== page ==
How much is the top up for the External guarantee, underpinned by the Next Generation EU, what will it finance and will it cover the Western Balkans too?

The additional amount of €10.5 billion would raise the ceiling of the External Action Guarantee from €60 billion to €130 billion in current prices, It will cover guarantees to partly reduce the risk of loans provided by European and international financial institutions to governments, administrations and businesses, so that they can recover swiftly and survive the current crisis and its aftermath. It will also cover Macro-Financial Assistance loans to support partner countries' balance of payments and thereby provide policy space to counter the economic fallout from the Covid-19 crisis. The EU guaranteewill cover all partner countries where the EU provides development and other assistance measures, with a particular attention to our neighbours and, within those, to the Western Balkans region, as well as to Africa.

What is the External Action Guarantee and why is it an appropriate tool to fight the consequences of the COVID-19 pandemic?

As part of the NDICI presented in 2018, the Commission proposed the establishment of the European Fund for Sustainable Development Plus (‘EFSD+'), the financing arm of a reinforced External Investment Plan, which is supported by an External Action Guarantee, as a powerful implementing tool for promoting investments and economic stability.

The External Action Guarantee will allow the EU to reduce the risk forpublic and private investment operations in partner countries covered by the NDICI and by the Instrument for Pre-Accession Assistance III (under the EFSD+), and to support those countries experiencing a balance of payments crisis (with macro-financial assistance).

The Commission considers that this leveraging tool is appropriate to address the negative consequences of the COVID-19 crisis, in particular for the promotion of investments to reinforce the sanitary systems and the socio-economic recovery of partner countries, including by ensuring their macro-economic stability.

What is the difference between the EFSD+ and the External Action guarantee?

The External Action Guarantee covers not only the guarantees issued under the EFSD+ but also Macro-Financial Assistance loans to Governments, which are not part of the EFSD+, because they are a very specific instrument targeted at providing financial support to a country's balance sheet.

The EFSD+ is a very comprehensive instrument that includes not only guarantees but also grants provided through blending –a mix of EU grants with bank loans–, technical assistance to help improve the quality of projects and the implementation of reforms, and several other types of support tools that can be used to support the development of partner countries. The EFSD+ goes beyond the guarantees which are covered by the External Action Guarantee.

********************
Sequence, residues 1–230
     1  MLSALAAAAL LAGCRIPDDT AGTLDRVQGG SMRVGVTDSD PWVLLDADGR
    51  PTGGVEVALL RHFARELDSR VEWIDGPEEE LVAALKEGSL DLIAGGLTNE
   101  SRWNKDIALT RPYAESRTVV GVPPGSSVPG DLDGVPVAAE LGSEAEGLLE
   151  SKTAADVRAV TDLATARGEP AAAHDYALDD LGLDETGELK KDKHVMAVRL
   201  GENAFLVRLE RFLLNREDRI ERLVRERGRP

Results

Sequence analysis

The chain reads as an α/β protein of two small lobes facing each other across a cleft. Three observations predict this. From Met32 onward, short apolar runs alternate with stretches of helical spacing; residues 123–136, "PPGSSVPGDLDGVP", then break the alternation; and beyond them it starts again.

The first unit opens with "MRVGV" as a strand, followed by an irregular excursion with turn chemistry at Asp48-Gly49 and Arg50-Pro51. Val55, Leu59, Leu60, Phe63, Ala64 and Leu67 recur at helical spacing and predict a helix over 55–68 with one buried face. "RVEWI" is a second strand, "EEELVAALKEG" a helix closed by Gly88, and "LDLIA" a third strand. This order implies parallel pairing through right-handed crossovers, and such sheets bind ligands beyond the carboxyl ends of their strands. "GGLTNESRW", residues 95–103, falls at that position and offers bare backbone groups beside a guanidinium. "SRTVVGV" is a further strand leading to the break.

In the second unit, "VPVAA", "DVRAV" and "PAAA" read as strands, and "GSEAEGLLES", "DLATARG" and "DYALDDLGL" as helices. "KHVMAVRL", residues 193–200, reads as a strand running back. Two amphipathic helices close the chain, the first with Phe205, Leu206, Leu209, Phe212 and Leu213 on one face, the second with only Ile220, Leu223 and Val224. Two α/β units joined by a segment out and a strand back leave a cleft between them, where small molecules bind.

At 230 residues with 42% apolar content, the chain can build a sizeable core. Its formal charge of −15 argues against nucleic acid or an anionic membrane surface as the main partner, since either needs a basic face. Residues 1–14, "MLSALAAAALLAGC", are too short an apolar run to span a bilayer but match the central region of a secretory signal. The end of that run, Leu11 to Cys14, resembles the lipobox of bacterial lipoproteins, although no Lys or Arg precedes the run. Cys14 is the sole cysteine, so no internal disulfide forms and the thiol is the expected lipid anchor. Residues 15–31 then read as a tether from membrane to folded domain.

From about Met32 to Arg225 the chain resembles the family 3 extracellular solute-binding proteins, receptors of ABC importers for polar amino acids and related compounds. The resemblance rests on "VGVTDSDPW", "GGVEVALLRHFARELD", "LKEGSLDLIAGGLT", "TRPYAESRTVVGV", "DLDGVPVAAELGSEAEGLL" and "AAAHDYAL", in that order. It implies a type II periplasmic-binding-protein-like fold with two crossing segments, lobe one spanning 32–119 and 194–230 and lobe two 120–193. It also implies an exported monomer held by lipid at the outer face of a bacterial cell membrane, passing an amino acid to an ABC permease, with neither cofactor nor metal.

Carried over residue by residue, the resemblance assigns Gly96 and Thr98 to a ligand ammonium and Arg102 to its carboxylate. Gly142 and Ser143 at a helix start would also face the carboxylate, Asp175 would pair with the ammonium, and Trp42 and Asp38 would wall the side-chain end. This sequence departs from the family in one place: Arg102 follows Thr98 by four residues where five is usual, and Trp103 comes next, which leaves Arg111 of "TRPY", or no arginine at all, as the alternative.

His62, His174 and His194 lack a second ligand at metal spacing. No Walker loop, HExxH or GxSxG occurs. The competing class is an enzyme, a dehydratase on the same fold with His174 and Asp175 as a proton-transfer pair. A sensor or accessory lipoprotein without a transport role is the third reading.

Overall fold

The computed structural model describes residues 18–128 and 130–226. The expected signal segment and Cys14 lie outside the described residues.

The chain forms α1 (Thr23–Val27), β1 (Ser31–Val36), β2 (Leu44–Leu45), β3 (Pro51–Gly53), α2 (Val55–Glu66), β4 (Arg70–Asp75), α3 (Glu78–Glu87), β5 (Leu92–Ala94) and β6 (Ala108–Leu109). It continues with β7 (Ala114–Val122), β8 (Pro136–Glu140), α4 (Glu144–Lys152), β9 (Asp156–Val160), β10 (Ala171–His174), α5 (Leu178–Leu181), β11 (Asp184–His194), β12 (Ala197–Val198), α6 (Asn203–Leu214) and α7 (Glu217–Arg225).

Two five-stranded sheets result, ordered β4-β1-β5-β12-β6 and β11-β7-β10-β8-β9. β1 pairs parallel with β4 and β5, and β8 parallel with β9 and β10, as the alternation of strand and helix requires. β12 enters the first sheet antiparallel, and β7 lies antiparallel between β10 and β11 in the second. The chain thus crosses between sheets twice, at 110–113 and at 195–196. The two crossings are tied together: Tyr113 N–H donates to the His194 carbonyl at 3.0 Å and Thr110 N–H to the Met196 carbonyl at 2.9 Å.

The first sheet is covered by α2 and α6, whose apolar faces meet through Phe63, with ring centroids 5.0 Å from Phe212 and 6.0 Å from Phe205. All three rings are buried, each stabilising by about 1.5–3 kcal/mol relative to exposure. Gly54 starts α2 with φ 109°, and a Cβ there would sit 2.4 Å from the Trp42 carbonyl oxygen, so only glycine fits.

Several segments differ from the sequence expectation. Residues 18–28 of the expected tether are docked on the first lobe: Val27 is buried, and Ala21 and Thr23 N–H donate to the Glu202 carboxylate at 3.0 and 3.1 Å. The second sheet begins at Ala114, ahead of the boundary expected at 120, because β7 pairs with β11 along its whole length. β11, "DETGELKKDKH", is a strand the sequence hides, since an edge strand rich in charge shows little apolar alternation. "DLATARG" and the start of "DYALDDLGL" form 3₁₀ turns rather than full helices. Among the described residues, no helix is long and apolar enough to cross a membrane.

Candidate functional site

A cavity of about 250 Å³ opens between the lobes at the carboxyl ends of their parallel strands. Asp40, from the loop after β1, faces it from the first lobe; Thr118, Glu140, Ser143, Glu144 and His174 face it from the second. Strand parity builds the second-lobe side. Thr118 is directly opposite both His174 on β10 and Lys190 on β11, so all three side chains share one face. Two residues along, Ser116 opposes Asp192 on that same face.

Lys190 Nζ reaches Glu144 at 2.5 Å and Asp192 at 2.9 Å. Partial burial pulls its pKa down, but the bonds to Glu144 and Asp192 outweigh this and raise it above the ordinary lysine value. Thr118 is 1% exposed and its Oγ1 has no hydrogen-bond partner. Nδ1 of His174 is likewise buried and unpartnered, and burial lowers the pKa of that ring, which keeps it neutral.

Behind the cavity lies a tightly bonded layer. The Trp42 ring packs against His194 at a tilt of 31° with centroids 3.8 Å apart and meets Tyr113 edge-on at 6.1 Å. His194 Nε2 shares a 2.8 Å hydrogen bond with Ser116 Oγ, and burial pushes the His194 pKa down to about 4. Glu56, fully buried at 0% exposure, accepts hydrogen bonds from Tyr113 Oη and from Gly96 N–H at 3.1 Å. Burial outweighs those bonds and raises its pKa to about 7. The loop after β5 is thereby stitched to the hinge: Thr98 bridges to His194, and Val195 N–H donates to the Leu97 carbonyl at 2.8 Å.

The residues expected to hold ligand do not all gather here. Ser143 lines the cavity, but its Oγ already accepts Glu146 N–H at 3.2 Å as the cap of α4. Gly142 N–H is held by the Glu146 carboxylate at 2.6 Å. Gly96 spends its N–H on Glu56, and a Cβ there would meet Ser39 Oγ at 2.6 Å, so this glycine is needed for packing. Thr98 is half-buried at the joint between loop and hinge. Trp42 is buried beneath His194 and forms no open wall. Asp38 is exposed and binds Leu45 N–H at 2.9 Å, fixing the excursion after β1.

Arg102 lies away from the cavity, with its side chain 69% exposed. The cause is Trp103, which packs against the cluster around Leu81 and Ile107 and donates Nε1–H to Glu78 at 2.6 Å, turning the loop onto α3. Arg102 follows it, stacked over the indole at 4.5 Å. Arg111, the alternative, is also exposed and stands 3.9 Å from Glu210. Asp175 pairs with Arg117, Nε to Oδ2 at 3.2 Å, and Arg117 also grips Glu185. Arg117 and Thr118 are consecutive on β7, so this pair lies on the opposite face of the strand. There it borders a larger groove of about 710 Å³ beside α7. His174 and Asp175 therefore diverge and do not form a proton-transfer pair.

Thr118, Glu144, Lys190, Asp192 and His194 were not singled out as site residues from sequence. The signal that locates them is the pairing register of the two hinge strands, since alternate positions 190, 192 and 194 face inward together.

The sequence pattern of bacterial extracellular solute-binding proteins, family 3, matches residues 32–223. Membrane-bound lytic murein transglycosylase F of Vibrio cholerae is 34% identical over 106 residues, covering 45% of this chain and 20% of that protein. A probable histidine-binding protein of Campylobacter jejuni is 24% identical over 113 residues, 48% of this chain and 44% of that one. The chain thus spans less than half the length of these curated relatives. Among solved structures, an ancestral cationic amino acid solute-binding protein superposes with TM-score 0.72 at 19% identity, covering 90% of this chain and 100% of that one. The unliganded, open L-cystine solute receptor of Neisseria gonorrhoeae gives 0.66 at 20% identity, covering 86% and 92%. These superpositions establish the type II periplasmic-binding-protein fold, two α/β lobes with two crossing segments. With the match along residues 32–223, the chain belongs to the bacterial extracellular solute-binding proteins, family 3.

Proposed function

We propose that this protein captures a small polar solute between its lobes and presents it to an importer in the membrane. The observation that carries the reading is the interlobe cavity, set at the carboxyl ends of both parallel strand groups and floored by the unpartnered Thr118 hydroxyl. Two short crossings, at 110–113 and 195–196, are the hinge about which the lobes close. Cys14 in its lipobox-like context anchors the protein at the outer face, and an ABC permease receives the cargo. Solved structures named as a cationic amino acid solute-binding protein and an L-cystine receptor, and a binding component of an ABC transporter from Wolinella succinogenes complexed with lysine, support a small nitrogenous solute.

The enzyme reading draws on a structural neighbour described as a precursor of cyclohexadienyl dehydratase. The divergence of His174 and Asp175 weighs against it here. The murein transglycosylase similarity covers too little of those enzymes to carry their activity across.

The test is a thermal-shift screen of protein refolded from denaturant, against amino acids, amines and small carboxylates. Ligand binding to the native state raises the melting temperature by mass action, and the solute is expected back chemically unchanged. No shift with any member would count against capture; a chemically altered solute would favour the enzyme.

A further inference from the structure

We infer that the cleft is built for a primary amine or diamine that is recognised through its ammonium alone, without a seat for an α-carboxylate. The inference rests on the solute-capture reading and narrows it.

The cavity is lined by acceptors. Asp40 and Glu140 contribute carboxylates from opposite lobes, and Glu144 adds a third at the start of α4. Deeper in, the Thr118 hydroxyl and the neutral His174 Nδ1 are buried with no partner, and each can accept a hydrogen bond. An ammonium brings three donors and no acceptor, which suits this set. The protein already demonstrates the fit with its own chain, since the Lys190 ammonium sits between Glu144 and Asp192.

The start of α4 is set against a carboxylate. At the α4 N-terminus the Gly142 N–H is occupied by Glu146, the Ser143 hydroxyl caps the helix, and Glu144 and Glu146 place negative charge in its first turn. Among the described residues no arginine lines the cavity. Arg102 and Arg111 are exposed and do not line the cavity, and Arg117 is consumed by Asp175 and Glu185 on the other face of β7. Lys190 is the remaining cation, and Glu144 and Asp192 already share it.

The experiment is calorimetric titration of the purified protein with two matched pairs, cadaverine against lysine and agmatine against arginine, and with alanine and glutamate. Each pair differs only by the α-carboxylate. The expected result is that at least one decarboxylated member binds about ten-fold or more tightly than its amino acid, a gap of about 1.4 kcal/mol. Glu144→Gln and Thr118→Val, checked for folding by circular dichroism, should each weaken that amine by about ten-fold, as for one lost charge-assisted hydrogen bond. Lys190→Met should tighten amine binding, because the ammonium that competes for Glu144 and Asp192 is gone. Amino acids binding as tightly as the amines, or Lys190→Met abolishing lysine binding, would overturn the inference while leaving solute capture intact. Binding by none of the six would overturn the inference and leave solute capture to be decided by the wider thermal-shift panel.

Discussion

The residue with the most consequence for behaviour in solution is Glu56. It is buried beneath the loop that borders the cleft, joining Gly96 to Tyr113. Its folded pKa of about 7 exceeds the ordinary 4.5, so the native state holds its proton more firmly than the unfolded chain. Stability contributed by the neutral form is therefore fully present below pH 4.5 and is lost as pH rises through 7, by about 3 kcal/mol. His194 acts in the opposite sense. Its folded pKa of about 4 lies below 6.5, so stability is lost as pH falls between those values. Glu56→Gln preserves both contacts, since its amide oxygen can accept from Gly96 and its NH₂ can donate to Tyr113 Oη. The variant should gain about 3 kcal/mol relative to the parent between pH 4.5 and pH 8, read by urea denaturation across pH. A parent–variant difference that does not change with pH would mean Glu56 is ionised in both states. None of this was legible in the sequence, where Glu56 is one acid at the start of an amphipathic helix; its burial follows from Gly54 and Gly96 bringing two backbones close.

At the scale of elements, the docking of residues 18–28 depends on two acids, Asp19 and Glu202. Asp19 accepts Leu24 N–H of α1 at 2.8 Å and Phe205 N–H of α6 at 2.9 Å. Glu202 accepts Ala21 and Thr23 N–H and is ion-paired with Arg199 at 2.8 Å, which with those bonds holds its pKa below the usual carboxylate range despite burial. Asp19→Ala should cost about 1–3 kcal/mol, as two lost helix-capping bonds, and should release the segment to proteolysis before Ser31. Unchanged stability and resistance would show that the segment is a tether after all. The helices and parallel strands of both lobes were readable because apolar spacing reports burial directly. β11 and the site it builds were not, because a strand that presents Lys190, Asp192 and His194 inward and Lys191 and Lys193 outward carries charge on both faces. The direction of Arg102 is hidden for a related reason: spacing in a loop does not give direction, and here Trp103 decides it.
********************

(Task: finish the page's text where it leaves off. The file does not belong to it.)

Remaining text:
How will the new investment framework work?

The new investment framework, the EFSD+, will function in a similar way to the one established under the current EFSD. Licensed (pillar-assessed) European and International Financial Institutions will submit programme requests to the Commission, asking for a guarantee support for their proposed loan and equity portfolios, so that they can finance projects that otherwise would be too risky for them to finance. The Commission will choose the ones that offer the best development impact and contribute most to the EU policy objectives. These loan and equity portfolios can be in support of the public sector and the private sector. The targeted priority areas of economic activity will be indicated by the Commission. In relation to the Next Generation EU, given the widespread impact of the crisis, the support to the recovery will have to cover a large number of economic sectors.

Why is the Commission proposing to amend the European Fund for Sustainable Development (EFSD), the EFSD Guarantee and the EFSD Guarantee Fund?

Most of the support announced by the Commission on 27 May will be channelled through instruments that are foreseen to enter into force with the new MFF, in 2021. However, with the crisis at our doorstep today, a large number of businesses and public administrations already fighting to keep afloat and keep their activity running, cannot wait until 2021. In order to bridge that gap, the Commission proposed a reinforcement of existing instruments and tools, so that support can arrive immediately to those who need it today, while waiting for the larger instruments, with a reinforced firepower, to become available in 2021. The EFSD, a guarantee fund whose financing capacity will more than double with this proposal, is one of the tools at our disposal to focus on the most pressing needs already in 2020. Given that it is the only budgetary guarantee instrument that exists today and covers only the Neighbourhood and Africa, the Commission decided to propose to extend its scope to the Western Balkan region, so that our closest neighbours can also benefit from this immediate and much needed support.

How much is the increase for IPA III?

The Commission did not adopt a revised proposal for the IPA III Regulation. The Recovery package maintains the IPA III proposal of June2018. The Commission continues to propose €12.9 billion (in 2018 prices) or €14.5 billion (in current prices), a significant increase compared to the current MFF amounts, which stand at €12.8 billion in current prices.